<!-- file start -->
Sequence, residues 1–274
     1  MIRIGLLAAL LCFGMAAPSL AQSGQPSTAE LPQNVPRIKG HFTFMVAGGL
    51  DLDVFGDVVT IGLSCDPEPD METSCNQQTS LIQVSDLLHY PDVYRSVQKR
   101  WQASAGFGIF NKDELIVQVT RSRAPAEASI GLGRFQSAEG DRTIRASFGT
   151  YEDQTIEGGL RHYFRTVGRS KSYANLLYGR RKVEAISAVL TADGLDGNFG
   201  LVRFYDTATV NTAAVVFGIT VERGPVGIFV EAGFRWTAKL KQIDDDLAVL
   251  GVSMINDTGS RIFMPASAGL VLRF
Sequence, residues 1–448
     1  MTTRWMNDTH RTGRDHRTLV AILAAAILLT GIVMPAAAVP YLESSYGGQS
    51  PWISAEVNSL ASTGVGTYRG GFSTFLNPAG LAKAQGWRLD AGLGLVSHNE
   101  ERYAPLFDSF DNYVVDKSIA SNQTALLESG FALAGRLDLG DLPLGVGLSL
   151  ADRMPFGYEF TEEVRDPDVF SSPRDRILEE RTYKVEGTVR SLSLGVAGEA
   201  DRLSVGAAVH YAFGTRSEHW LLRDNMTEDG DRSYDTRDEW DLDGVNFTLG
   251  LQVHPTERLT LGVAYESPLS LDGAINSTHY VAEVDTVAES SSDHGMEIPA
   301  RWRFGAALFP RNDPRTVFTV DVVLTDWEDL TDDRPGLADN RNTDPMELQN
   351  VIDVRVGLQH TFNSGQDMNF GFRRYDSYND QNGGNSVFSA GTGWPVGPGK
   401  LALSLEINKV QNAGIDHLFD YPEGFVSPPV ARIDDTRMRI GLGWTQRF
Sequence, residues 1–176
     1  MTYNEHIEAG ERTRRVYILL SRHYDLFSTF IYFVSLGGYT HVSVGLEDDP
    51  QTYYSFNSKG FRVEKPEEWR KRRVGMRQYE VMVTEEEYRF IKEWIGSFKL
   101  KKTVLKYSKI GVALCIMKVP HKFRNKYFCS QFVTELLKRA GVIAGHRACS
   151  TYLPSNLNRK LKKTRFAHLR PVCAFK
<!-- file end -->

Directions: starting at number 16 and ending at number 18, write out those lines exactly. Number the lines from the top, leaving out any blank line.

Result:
   351  VIDVRVGLQH TFNSGQDMNF GFRRYDSYND QNGGNSVFSA GTGWPVGPGK
   401  LALSLEINKV QNAGIDHLFD YPEGFVSPPV ARIDDTRMRI GLGWTQRF
Sequence, residues 1–176